This is an article from the April 7, 2008 issue
Jimmie Johnson's focus on the Cup last fall left his team behind the pack in '08, but now the champ is rolling
OVER THE last two seasons Jimmie Johnson has been as sure a thing as any figure in sports, a closer of victories as reliable as Yankees pitcher Mariano Rivera in October or Tiger Woods on Sunday. Johnson has won back-to-back Cup titles, taken a series-best 15 checkered flags since the start of the '06 season and finished in the top three in 38.4% of those races—another circuit high. But this season Johnson has been far from his dominating self. In the first five races he didn't take a single checkered flag, and heading into Sunday's Goody's Cool Orange 500 in Martinsville, Va., he was buried in 13th place in the standings.
The cause of Johnson's slow start can be summed up in three words: lack of preparation—by design.
A Sprint Cup team, like a presidential candidate going into a state primary, must spend months preparing in advance if it hopes to win a particular race. Cars have to be built from scratch, tested in a wind tunnel and in the team's workshop and taken for mock runs on tracks that aren't on the Cup schedule but possess similar characteristics (in terms of shape, length and degree of banking) to those that are. It's a time-consuming, labor-intensive process, and while most Cup teams started preparing for the '08 season last fall (Roush Fenway Racing was particularly diligent, which helps explain why RFR Fords won two of the season's first three races), Johnson and crew chief Chad Knaus didn't. Instead, they put their effort last fall into fine-tuning their Chevys to win on the five 1.5-mile tracks in the Chase for the Cup—cars, mind you, that are no longer in use because NASCAR switched to the Car of Tomorrow design full time this season.
"Our focus had to be somewhere last year," Knaus says, "and it sure wasn't on 2008." Indeed, last October, Johnson and Knaus skipped a Car of Tomorrow test session at Atlanta Motor Speedway that nearly every other Cup team attended. What's more, Knaus and his crew spent thousands of man-hours building a car that was tested in the wind tunnel (where it set a record for downforce, which on the track translates into speed through the corners) but was never raced in the Chase because Johnson and Knaus felt more comfortable with another car. "Maybe," Johnson says, "we spent a little too much time worrying about last year's championship."
Or maybe they didn't. On Sunday at Martinsville, Johnson flashed his old magic, leading for 135 laps and finishing fourth in spite of being spun out by Ryan Newman two thirds of the way through the race. Johnson's strong run, which propelled him to 10th in the standings, really wasn't surprising; no team in NASCAR has tested more in recent weeks than Johnson's number 48 crew, which since March 18 has made midweek treks to tracks in Rockingham, N.C., Fort Mitchell, Ky., and Nashville in search of speed. Knaus and Co. are clearly trying to make up for lost time. Based on Sunday's result, it appears they are on their way.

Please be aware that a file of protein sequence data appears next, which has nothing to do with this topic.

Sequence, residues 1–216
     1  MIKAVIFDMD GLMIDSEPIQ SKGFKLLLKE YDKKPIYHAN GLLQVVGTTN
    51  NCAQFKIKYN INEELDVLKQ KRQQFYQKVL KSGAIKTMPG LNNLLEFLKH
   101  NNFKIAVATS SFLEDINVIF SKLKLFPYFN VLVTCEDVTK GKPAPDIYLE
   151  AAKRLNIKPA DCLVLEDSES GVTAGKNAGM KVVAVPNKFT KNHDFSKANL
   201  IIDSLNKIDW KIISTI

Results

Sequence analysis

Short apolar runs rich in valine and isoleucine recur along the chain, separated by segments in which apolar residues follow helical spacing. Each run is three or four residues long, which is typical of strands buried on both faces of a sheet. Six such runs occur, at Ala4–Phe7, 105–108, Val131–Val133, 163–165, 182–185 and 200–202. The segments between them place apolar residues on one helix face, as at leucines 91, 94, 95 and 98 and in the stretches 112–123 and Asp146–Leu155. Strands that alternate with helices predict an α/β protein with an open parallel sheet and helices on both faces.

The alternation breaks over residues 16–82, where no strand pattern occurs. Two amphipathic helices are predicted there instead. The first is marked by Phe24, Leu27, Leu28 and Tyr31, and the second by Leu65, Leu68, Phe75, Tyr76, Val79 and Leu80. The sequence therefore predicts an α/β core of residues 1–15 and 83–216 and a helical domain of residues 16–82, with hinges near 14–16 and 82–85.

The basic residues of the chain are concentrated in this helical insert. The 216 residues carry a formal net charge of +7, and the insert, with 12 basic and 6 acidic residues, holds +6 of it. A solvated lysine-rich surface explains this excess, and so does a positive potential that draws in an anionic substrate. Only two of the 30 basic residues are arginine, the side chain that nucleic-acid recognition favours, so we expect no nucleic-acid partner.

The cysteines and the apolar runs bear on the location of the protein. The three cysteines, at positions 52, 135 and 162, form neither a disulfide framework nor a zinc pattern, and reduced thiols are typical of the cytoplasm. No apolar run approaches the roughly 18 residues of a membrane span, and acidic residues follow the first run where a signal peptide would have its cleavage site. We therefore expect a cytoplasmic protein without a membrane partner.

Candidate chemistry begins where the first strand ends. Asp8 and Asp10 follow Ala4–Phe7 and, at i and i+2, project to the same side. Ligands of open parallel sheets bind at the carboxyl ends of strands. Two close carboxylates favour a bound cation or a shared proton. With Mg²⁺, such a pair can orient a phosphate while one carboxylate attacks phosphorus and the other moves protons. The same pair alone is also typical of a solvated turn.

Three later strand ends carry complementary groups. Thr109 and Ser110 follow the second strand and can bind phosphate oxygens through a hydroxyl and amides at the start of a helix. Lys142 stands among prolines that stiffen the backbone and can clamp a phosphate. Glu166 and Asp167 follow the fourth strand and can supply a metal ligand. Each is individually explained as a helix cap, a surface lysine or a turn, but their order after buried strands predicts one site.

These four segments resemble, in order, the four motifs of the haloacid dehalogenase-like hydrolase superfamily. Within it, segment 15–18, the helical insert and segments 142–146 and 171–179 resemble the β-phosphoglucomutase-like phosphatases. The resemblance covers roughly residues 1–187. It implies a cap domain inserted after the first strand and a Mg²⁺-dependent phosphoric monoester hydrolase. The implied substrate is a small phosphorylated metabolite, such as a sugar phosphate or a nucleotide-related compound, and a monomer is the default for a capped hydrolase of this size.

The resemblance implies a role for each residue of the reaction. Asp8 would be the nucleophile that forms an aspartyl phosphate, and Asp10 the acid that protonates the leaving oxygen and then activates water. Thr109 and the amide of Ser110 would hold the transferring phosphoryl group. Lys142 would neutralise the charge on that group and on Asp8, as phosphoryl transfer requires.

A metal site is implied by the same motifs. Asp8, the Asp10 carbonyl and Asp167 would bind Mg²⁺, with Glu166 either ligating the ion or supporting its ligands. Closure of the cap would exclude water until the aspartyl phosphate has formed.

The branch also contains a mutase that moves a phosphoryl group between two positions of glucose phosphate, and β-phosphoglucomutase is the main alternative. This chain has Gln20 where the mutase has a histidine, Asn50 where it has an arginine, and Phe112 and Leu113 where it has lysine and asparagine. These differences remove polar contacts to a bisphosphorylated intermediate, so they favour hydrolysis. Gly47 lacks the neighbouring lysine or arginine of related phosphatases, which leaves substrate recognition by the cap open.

"There's a lot of wishful thinking going on in the garage right now when it comes to Jimmie and Chad," says Steve Hmiel, the technical director at Ganassi Racing. "People are praying that their time is over, but it isn't. They still have a huge organization backing them, they're still testing, and they're still the champs."
ONLY AT SI.COM Lars Anderson's Cup analysis and Mark Beech's Racing Fan.
Seconds after Denny Hamlin (right) cruised across the finish line in his number 11 Toyota Camry to win Sunday's Goody's Cool Orange 500 at Martinsville Speedway, he yelled into his radio, "Finally! Finally!" Hamlin was celebrating his first victory of the season, but he may just as well have been talking about Toyota's emergence. After 40 races in the Cup series, the Japanese manufacturer suddenly appears to be a full-fledged championship contender. The victory by Hamlin, who drives for Joe Gibbs Racing, is the second for Toyota in 2008, matching it with Ford, while Chevy and Dodge each have one W. In the standings Toyota drivers are now fifth (Kyle Busch), sixth (Tony Stewart) and eighth (Hamlin)—not bad for a manufacturer that failed to win a race in '07 and whose top driver finished 31st in points.